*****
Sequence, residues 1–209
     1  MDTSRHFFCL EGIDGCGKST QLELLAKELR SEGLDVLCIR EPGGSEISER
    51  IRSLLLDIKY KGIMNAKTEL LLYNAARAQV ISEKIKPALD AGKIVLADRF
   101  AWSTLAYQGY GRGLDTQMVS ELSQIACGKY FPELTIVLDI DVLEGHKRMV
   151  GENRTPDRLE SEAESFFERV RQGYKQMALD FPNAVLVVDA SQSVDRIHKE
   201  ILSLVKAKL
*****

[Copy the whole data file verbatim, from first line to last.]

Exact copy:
Sequence, residues 1–209
     1  MDTSRHFFCL EGIDGCGKST QLELLAKELR SEGLDVLCIR EPGGSEISER
    51  IRSLLLDIKY KGIMNAKTEL LLYNAARAQV ISEKIKPALD AGKIVLADRF
   101  AWSTLAYQGY GRGLDTQMVS ELSQIACGKY FPELTIVLDI DVLEGHKRMV
   151  GENRTPDRLE SEAESFFERV RQGYKQMALD FPNAVLVVDA SQSVDRIHKE
   201  ILSLVKAKL